How to research your competitors

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How to research your competitors

YOU have got a niche product. You have cornered the market. You are on top of the world. Or so you thought.

There is always competition around the traps. Someone else out there who has a product similar to yours, or perhaps a product that goes one step ahead of yours.

Now you want to know what they are all about. What makes them tick? And are they in a position to sway some of your customers their way?

It is tough enough to keep on top of suppliers, new laws, technology advances, staff movements. Keeping ahead of the competition is just one more brick you need in your wall.

Let us look at these strategic factors in more detail.

Know who your competitors are

First of all, you should know who it is that will be sharing or even moving into your business space. Knowing who your competitors are goes beyond just their brand name, product, etc.

Know who they are in terms of history of the company. How long they have been around? What is their best-selling point? Are their customers loyal or do they keep changing?

Are they active in the digital space, or prefer to keep a low online presence?

Knowledge is essential to any business, and knowledge of your competitor could mean the difference in getting that hard-earned dollar from a potential customer.

Learn what they are all about

Your knowledge of your competitor should go beyond whether they are they have an online presence or not. It should go beyond their products to how much they charge and what tactics they employ to market their enterprise.

Do they have sales often? Or customer surveys? Do they keep their clients involved as a community?

What is their principal marketing strategy, and how does it compare to yours?

Analyse their media profile

Not all enterprises like to shout out from the rooftops about who they are. Some prefer to fly under the radar.

Then there are others that are constantly given air time in the media. The opinion of someone within the organisation is tapped every now and then. They are not camera shy. Their boss or senior staff appear on camera to talk about trends in their industry and so on.

If you know your competitors are not media-shy, you can get more insights into such organisations by reading what they have to say, and watching when they appear on television.

You can also keep an eye out for their ads on television or in the printed media, trade press or online.

Online shop window

An enterprise’s website gives you a taste of who they are and what products they have on offer.

You can see from their website whether they are with it in the digital age or have a rudimentary online shopfront.

Some organisations love to say where the boss will be this weekend, where he or she was last week, etc. They put up vLogs and blogs. Do these videos and blogs give you more information than a Google search?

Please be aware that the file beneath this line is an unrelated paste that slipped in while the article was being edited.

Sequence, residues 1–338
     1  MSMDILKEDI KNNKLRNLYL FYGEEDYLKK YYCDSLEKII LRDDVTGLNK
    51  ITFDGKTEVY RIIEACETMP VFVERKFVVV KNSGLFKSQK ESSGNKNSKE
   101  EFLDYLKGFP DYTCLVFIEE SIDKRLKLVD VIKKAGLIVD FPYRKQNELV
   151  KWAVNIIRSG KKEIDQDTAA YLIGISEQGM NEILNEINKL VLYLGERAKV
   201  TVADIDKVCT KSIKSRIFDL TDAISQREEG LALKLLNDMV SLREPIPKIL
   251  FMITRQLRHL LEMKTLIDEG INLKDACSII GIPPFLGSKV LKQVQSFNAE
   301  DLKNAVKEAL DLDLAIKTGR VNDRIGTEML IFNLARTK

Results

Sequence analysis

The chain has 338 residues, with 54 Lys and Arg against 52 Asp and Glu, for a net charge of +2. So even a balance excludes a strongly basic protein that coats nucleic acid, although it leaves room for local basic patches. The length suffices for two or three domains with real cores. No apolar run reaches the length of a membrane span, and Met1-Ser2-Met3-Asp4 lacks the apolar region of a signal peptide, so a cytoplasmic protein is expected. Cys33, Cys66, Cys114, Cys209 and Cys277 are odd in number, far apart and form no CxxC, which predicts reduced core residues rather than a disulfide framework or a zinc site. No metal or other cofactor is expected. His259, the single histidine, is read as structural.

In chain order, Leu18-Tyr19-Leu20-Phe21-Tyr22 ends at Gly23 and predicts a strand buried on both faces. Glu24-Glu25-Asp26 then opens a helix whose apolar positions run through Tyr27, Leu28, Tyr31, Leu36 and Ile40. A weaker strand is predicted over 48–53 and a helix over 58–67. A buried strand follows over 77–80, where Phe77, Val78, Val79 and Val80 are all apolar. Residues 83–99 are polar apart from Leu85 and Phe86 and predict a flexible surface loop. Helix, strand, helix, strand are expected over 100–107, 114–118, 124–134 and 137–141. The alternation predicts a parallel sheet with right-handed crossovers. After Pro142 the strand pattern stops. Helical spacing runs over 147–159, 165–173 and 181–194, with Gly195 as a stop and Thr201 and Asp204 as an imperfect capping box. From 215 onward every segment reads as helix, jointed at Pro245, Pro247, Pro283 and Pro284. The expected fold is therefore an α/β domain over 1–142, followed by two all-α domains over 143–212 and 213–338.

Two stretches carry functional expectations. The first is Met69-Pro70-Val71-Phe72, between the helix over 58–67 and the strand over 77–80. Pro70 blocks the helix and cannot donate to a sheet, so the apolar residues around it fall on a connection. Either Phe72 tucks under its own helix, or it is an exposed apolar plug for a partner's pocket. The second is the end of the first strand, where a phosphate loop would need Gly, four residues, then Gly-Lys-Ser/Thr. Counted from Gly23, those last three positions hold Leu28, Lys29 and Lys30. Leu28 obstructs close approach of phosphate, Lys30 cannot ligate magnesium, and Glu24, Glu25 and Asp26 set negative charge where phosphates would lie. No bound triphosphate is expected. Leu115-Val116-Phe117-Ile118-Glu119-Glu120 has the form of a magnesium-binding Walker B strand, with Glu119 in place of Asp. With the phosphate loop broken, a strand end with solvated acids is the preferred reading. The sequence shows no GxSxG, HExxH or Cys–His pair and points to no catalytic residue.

Now if you are an online-only store and your competitor too is web based, perhaps you could pick up a trick or two by trawling through their site, their store, paying process, etc.

Social media presence

Social media is all the rage these days. But it is not just a fanciful thing to do in our free time anymore.

In this day, social networks have been harnessed to showcase products, services and businesses.

From visiting a competitor’s Facebook, Instagram, Twitter or LinkedIn page, you could learn a lot more about the company. This is where a customer will talk about their product or service, be it complimenting them or airing grievances.

Reading what their clients have to say on social media as well as what your competition says in reply could provide further insights.

Big data

Big data is a boon to big business. But if used correctly, it can be beneficial to small and medium-sized businesses as well.

For instance, collect the customer and sales data that is useful to your SME. What is the value of a huge collection of data if it is of no practical use?

It is valuable to use an external data/analytics consultancy to get the initial set-up if the right expertise is not available within your in-house IT talent.

Google Alerts

Google Alerts is a free service from the search engine giant. When you set up an alert, you can get email updates according to your query.

Your search query could be the name of your business, right? The query could include industry terms as well. So all new developments and movements in the market could be trackable.

Why not have a query with the names of your competitors? With the alerts popping into your inbox regularly, you could know what is going on with your competition.

Trade shows

Businesses love to put on a show at trade fairs. This could work to your advantage because you could watch your competition in action with potential clients.

You could even pick up literature on their products and services from the booths.

At exhibitions, you can watch who visits their stalls and how they interact with the potential clients: Do the visitors ask a lot of questions? Which literature are they most interested in? Do they spend a lot of time in the booth?

Your customer is key

The customer is king and the one you want. When you get a new customer, perhaps you could ask why they have made the switch.

This could be useful information about your strategy and would stop you from making the mistake your competitor has made. Besides, if you get a chatty enough customer, you could get more information about your competition than you bargained for.

Direct contact

Speaking to your competitors is an old school tactic – a phone call to them to ask about a product or to obtain a copy of their literature.

A chat could give you some insight. You can get a feel of how they interact with customers, how much information they are willing to give over the phone, and so on.